Fans of Our Yorkshire Farm will remember how the Owen family were struggling to make ends meet when they were first introduced to them.
However, years later and it's a completely different story - mum-of-nine Amanda Owen is now able to capitalise on her following and rake in some serious crash through her best-selling books, magazine interviews and adverts.
The Channel 5 docu-series, which shows the trials and tribulations of life on Ravenseat Farm, has captivated thousands of viewers but has been off our screens since 2021 when series five came to an end last November.
The good news is that a new series has been given the green light and it hopefully won't be long until the Owen family are back on our screens.
The show could soon be taken in a new direction too, with Amanda and husband Clive recently announcing they will be moving from their famous Ravenseat Farm home in the Yorkshire Dales.
With Our Yorkshire Farm set to return, here's a look at what Amanda and Clive Owen earn from the hugely popular show.
How much do Amanda and Clive Owen get paid for Our Yorkshire Farm?
YorkshireLive reports that Amanda Owen is set to make £250k annually thanks to her 10 years on TV and her five best-selling books.
The mum is able to make a small fortune through magazine interviews, ads for products such as dog food and the release of several best-selling books since the show began, such as The Yorkshire Shepherd and The Adventures of the Yorkshire Shepherdess.
She has also been able to build their brand through social media and has now racked up an impressive 511,000 followers on Instagram, where she documents life on the farm.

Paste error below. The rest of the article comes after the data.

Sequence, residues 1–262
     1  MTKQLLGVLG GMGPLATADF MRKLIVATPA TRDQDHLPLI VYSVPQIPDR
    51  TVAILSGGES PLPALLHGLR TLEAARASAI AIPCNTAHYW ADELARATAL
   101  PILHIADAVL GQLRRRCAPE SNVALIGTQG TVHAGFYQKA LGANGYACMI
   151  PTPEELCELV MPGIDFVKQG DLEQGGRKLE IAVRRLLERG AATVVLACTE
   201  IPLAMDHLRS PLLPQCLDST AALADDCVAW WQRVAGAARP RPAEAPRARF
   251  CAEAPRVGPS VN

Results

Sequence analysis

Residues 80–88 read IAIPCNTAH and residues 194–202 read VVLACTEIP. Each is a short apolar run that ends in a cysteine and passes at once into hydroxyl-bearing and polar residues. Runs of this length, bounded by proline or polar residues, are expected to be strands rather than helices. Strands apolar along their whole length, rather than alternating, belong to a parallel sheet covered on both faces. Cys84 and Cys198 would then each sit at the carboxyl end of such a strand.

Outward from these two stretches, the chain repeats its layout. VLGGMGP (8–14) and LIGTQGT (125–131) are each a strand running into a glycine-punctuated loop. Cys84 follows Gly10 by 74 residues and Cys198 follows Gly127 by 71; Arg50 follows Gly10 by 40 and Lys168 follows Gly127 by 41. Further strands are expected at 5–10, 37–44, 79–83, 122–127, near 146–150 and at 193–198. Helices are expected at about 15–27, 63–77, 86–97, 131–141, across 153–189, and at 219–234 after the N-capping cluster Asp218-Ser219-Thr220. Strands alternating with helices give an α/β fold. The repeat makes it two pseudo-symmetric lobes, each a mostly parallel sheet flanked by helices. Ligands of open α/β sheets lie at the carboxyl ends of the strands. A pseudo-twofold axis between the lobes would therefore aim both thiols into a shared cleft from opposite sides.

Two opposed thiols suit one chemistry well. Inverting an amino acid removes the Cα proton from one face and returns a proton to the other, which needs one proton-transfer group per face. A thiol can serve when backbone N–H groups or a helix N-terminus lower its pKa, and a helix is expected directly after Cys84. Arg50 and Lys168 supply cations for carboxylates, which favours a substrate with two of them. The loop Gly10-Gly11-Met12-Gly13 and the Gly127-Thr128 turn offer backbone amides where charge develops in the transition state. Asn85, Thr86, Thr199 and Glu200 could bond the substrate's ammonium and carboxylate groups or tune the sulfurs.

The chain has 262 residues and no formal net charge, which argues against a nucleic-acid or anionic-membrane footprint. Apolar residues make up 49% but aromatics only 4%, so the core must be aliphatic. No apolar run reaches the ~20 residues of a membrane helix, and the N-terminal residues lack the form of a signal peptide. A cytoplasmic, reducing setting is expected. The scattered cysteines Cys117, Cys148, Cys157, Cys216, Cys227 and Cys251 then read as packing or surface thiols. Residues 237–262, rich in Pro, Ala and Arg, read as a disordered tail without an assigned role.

The Sun revealed that the Yorkshire Shepherdess has her own firm, titled the Yorkshire Shepherdess Ltd and her first accounts show she has a cash and assets surplus of £74,411.
The firm has a creditor in the form of a Corporation Tax bill to the tune of £36,456, which means the firm’s earnings, before costs and expenses are deducted, is around £250,000 a year.
However, Amanda has previously admitted that many aspects of farming are not profitable at all.
She said: "It is a funny one that people don’t realise. People say ‘how do you make your money? Do you make your money from wool?’ No, it's literally worthless. We have to shear the sheep purely for the fact that they need shearing.
"They’ve been domesticated for thousands of years, the wool needs to come off so we shear the sheep. But we, you know, get £200 maybe."
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